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The Critical Issue of Dosage

by Todd Luger, L.Ac.
revised 9/23/02

A critical issue may jeopardize the future of Chinese herbal medicine.  That issue is dosage.  Correct dosage is the key to success in TCM.  Correct dosage is based on several factors.  There is historical precedent, for one thing.  Throughout Chinese history, the issue of dosage was paramount.  As far as I have been able to ascertain, traditional texts recommend fairly high dosages of herbs.  Bensky's formulary reflects this pattern with most formulae being used in dosages of 50-100 grams per day in decoction or about 18-27 grams per day in pill form.  In addition, modern Chinese clinical research has also emphasized high doses, so when claims are made about the efficacy of particular herbs or formulae, those claims are based on high dose research.  Finally, pharmacological research has revealed the active ingredients of many herbs and we know what amounts are necessary to achieve therapeutic effects.  Again, the doses necessary for pharmacological action are in line with high end Chinese dosing.  So several different avenues of inquiry support the concept of high dose prescribing.  Unless you believe herbs work by some other mechanism than pharmacology, there is a biochemical minimum necessary to achieve results.

Subhuti Dharmananda has written at length about this issue over the years and he has made a point of telling practitioners to prescribe very high dosages of his products.  However, it is unlikely that even high dose herbal pills can match the potency of a bulk herb tea.  The maximum dose for seven forest products results in the ingestion of no more than 15 grams of raw herbal material.  Subhuti claims that because there are no losses due to cooking, the dose requirement is much lower than with decoctions.  Assuming Subhuti is correct, what are we to make of products that provide patients with doses of herbs more in the 0.5 - 5 grams per day range.  I think we can safely say there is no evidence, either historical or pharmacological, that such products will be effective.  

Yet at least a significant minority, if not the majority, of acupuncturists around the country prescribe low dose products and claim success with their patients.  What is going on?  It is well known that in private practice, it is not possible to determine what variables have affected the patient's condition.  So you may assume it is your herbal formula, but you have no way of knowing in an uncontrolled environment.  You are able to determine your patient's level of satisfaction, but even many lab tests may fluctuate for reasons that have nothing to do with therapy.  In an uncontrolled environment, the placebo effect for taking a pill can rise to 90%.  That means 9 of 10 patients will report a positive response to a noniatrogenic treatment given by a caring doctor with whom they have a good rapport.  Placebos lower blood pressure, make pain go away, relieve depression and anxiety, improve sleep and digestion.  Sound familiar.  So be clear, whatever type of herbs you use, there is absolutely no way to truly gauge the herbs' effectiveness in the context of a private practice.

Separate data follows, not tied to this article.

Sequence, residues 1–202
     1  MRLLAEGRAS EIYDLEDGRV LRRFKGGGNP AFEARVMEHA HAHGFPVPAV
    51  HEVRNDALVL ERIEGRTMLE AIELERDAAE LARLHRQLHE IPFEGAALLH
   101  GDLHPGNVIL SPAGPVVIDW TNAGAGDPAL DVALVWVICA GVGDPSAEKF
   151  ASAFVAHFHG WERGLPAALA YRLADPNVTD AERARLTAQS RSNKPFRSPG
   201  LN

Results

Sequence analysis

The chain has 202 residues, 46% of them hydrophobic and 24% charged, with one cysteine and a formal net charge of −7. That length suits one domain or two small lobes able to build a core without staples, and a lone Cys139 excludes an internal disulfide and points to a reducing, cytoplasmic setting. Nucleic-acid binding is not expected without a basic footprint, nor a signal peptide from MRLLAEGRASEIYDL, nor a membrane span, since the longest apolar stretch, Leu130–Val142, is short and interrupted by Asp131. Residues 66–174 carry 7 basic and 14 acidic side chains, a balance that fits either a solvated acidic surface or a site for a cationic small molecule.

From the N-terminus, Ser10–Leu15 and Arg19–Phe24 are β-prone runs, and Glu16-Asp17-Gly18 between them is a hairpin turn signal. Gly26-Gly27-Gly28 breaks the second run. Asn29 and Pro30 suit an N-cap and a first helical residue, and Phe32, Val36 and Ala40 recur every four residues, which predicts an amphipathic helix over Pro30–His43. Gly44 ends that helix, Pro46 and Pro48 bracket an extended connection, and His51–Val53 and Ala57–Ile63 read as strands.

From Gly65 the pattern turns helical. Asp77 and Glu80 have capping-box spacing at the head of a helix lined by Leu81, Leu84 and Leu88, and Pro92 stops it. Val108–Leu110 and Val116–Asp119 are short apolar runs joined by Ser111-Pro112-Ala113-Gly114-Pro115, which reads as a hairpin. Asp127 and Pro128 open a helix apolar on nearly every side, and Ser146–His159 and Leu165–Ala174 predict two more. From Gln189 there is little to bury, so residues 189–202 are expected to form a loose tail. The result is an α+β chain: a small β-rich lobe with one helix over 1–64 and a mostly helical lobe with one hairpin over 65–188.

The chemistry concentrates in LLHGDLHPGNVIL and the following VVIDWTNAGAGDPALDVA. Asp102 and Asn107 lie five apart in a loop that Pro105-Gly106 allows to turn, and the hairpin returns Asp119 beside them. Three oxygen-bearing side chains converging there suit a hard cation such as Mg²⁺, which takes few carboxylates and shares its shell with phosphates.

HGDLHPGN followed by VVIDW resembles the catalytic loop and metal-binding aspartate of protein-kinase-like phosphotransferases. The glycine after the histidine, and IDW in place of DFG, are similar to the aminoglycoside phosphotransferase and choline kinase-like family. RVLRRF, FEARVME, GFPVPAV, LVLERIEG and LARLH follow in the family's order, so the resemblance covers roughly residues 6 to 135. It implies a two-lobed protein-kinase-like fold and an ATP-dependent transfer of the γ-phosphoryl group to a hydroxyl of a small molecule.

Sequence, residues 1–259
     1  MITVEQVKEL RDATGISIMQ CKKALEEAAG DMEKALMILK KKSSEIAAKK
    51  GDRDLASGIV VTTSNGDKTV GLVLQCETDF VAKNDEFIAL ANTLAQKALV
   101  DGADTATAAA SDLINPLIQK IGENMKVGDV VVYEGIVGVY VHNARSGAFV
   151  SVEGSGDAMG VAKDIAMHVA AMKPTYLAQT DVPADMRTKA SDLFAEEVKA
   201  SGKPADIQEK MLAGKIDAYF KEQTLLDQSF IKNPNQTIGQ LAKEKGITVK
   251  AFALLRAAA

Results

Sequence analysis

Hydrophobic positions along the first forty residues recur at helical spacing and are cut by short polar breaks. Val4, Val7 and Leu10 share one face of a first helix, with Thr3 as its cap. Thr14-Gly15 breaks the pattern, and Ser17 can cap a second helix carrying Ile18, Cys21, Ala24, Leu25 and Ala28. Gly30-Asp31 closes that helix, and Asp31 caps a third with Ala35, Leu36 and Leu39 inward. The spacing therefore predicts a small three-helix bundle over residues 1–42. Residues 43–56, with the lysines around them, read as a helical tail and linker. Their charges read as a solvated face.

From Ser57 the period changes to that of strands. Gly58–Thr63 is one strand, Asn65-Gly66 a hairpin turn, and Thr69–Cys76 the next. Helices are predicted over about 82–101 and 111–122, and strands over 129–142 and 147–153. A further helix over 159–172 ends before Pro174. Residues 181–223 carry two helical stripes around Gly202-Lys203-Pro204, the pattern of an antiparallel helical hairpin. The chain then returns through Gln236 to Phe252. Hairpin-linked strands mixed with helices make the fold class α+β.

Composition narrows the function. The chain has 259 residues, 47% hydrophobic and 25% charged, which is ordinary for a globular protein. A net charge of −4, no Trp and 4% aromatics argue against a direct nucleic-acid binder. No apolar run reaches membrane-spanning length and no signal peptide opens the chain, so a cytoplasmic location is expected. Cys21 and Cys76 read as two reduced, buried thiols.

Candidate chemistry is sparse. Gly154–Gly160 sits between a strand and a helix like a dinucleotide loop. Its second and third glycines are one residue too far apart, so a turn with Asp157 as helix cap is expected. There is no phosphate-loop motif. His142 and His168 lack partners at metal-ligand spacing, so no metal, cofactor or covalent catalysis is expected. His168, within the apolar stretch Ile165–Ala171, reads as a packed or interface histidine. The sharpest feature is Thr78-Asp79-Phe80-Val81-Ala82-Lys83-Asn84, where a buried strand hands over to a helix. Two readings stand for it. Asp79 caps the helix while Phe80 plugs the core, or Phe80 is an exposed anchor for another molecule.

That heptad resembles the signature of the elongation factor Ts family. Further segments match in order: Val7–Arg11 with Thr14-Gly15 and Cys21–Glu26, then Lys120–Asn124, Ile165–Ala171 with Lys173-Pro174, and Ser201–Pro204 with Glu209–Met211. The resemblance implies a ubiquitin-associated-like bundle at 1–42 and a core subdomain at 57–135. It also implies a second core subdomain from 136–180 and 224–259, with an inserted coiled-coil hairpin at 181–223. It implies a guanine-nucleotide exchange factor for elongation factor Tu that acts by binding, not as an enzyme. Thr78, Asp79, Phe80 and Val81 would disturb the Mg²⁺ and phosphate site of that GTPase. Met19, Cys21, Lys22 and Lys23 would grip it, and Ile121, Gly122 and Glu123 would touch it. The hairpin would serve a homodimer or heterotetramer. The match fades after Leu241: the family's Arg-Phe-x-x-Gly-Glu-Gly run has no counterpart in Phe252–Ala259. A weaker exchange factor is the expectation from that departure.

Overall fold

Because of this, I rely on tradition and science to guide me.  With no precedent in Chinese history for low dose prescribing, I must call into question this practice.  It is certainly more affordable for the patient or more profit making for all the sellers involved.  But it cannot be justified in any way.  Now since patients are satisfied, who cares?  If it's the placebo effect, great, more power to the placebo.  Well, there's a couple of problems with this rationale.  I think we all want to help as many people as possible with our methods.  In order to do this, we must achieve mainstream acceptability.

Right now, no one is really scrutinizing this aspect of the herb situation from outside the profession at this time.  But when mainstream sources begin to look at what we are doing, they will immediately suggest that most herbal prescribing must be due to placebo effects, according to modern pharmacology.  Insurance companies will not even consider covering a placebo, so it matters very much whether we give placebos or not.  In addition, we all should strive to create an ethical and cost effective healthcare system, part of which entails not charging patients for placebo treatments.

Personally, I think national and state professional associations should immediately consider the issue of standards of care in TCM as applied to herbal prescribing, particularly dosage.  Standards of care are standards we as a profession set internally.  If we cannot set them ourselves, they will be imposed.  If they are imposed by outsiders who do not understand our methodology, then our hands would really be tied.  I think that is an ominous scenario.  The solution is to develop an official pharmacopoeia similar to the German commission E monographs.  Among other things, this pharmacopoeia would address known issues of toxicity, drug/herb interaction and dosage equivalents for a wide range of products based upon their biochemical comparison to a standard decoction.  


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